“Well, if you buy it today, I would sell it for $2,000. We have to get it out of here. And I have a truck I could load it in and take it to your house.”
The deal dangled in the air. My mind whirred. There were other callers asking about the ad. Honus Wagner. EBay. I could go to a nearby bank and get a cash advance off my credit card. I should probably call my wife, Joy, before borrowing that amount of money. Tens of thousands of cards. Mickey Mantle. Sleeved comic books by the case. Really old cards. Honus Wagner. No need to worry Joy with all that stressful financial stuff. Maybe she won’t ask what it cost anyway. A signed Mickey Mantle. You’ve done great on eBay. Sure it’s a huge risk, but what if…
Two hours later, a truck pulled into our driveway, and the seller and I proceeded to fill my garage with a “Huge Lot of Comics and Baseball Memorabilia.”
My kids were curious. I told them the story. Dad had found this great deal. Joy was curious. I told her the story. Her eBay husband had found this great deal. How much did it cost? Well, it’s some really, really cool stuff. Oh look, I think I see a deer in the backyard.
I could not wait to research my treasure. The initial information was encouraging. Those odd rectangular cards were Tobacco cards, included in packs of cigarettes. They featured various sports figures, including Honus Wagner. An original Tobacco Card T206 Honus Wagner even in poor condition will pay off your house mortgage. I soon discovered the unsettling reality known as reproductions.
I researched and studied and put the cards under a microscope and read some more, discovering what you have guessed by now. My tobacco cards were not originals. The comics were originals and in great condition, but the comic market had just taken quite a tumble. They looked more valuable than they were. I had tens of thousands of baseball cards, but only tens of them had any reasonable value. The most valuable ones of them were not in the sets. That’s odd. I wonder how that could have happened?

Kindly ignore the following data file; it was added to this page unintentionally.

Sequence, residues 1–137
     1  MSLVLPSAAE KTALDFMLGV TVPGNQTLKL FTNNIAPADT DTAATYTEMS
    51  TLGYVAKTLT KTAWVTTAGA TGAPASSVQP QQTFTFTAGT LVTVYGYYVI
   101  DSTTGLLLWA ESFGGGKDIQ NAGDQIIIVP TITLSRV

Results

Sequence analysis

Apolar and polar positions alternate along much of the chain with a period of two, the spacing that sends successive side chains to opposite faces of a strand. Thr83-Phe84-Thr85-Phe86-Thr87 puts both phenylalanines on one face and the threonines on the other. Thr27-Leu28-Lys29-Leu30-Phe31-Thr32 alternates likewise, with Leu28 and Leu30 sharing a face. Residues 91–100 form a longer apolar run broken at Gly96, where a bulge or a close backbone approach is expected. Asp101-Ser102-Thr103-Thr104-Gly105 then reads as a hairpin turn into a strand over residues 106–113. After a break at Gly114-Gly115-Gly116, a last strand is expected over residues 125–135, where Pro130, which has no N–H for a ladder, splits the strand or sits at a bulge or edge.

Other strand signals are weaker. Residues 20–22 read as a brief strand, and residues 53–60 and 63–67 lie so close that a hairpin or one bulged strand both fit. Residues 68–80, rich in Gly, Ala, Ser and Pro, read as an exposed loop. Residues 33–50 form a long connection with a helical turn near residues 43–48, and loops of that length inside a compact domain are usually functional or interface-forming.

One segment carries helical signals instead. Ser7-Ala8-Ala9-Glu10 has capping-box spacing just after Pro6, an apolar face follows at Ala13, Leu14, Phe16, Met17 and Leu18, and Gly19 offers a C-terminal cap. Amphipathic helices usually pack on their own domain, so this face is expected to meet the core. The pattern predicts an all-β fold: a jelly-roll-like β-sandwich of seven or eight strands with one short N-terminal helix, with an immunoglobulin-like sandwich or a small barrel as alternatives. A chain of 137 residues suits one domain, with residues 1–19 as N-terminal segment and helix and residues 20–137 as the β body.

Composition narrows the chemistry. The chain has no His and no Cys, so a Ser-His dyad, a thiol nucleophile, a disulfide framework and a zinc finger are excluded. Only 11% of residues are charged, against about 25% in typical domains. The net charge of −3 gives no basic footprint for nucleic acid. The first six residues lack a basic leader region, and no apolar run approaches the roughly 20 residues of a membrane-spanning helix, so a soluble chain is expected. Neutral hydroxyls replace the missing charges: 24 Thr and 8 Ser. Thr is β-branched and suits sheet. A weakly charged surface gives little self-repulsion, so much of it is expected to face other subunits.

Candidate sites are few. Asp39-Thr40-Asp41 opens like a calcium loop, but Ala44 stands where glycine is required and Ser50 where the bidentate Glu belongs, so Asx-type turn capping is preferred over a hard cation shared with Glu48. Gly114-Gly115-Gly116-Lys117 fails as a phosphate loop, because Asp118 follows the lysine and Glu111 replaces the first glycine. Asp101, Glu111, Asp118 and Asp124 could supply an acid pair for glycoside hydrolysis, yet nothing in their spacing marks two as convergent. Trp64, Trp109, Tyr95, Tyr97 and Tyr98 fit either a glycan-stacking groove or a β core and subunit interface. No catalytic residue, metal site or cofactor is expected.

After dozens of hours of research, creating eBay listings and negotiating with an out-of-state collector, I sold everything for a total of $987. That’s right. I forfeited hours and hours of time with my kids in order to lose more than $1,000, money we desperately needed for other things. I felt really stupid. I had been exposed as…
Wrong. Really wrong. On many levels.
I was wrong about the value of the baseball memorabilia. I was wrong about how much I knew. I was wrong about hiding the purchase from my wife. I was wrong about not getting counsel from someone who could have helped me evaluate the “amazing” deal.
I have been wrong about a lot of things. In fact, the subtitle of this book could be “Endlessly Entertaining Stories of Roger’s Errors and Ineptitude.” I am wrong, and have been wrong, about things far more important than baseball cards and comics. Of course, I’ve also been right before. I’d love to tell you about some spectacular eBay sales I have made. Perhaps one or two will show up in a later chapter. Sometimes, I am right. Sometimes I have a right idea. Sometimes I think the right thing. Sometimes I do the right thing. Sometimes I say the right thing to my wife. Sometimes.